Major League Baseball's trade deadline is less than a month away, and the Boston Red Sox don't figure to stand pat with what they have.
Rumblings from the Red Sox camp point toward available outfielders at this point, but Cody Ross isn't one of them. Ross would be a valuable addition to a contending team seeking a veteran right-handed bat, but the Boston brass is wise to hold onto him for a playoff run of their own.
Instead, Danny Knobler of CBSsports.com hints toward other outfielders being placed on the block.
Teams asking the Red Sox about their plans are being told that they intend to keep Ross, in an outfield that would eventually include Carl Crawford and Jacoby Ellsbury. Ryan Sweeney and, possibly, Daniel Nava are expected to be made available for trade, instead.
In my opinion, Sweeney is a no-brainer. He is, and always will be, a fourth outfielder on a good team. That isn't a bad thing, but he's easily expendable on a Red Sox team with other pressing needs.
Nava is a bit more cloudy. He's enjoying a solid season at the plate, and his switch-hitting style gives the Boston lineup some flexibility. He's 29 years old, and he's already a better fourth outfielder than Sweeney is. In 154 at bats, he's hitting .286 with 26 RBI and three home runs.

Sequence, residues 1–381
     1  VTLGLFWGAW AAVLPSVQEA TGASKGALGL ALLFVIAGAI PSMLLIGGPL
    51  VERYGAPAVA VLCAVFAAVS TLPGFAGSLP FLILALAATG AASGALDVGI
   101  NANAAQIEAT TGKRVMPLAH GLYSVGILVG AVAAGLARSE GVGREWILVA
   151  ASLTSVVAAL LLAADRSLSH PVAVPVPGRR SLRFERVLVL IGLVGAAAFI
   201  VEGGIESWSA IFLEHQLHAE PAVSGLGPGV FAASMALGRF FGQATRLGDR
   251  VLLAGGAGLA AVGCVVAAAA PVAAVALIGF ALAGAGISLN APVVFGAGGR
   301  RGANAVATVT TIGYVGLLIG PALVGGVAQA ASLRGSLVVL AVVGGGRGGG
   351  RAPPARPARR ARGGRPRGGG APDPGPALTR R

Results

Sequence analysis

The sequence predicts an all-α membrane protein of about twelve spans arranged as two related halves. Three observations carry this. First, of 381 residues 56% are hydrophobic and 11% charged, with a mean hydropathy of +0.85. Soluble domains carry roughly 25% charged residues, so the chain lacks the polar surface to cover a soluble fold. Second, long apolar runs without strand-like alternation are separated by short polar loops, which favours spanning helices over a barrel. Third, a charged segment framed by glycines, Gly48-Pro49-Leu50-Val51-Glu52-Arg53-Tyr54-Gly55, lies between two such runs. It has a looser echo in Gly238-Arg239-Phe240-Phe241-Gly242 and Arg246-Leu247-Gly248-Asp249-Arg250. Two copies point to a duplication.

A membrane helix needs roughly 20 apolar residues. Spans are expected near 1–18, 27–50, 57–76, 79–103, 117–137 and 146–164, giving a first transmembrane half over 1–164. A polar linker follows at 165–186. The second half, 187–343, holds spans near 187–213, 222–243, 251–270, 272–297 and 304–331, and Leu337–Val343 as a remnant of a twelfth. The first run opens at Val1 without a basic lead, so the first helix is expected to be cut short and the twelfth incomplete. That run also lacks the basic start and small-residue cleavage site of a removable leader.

That brings us to Ross.
Teams are always in the hunt for affordable veterans with playoff experience, and Ross' 2010 NLCS MVP speaks volumes about his playoff value.
Instead of shopping his astute postseason play to other squads, the Red Sox would be wise to use it for their own run. Carl Crawford and Jacoby Ellsbury's health is far from a sure thing at this point, and it wouldn't hurt to have another capable bat around. Ross is hitting .275 with 12 home runs and 39 RBI this season.
That makes Nava more expendable. He may have more upside than Ross, but their numbers are very similar. The only major difference is Ross' 12 home runs.
He could fetch more than either player on the open market.
In the event of a push always take experience. Ross has experience in the regular season, and he's a proven playoff performer. Nava may seem more attractive to Boston fans at this point, but players of his caliber are a dime-a-dozen.
Boston needs another arm for their starting rotation. Neither player is going to fetch a top-end starter, but Ross' savvy is far less expendable at this point.
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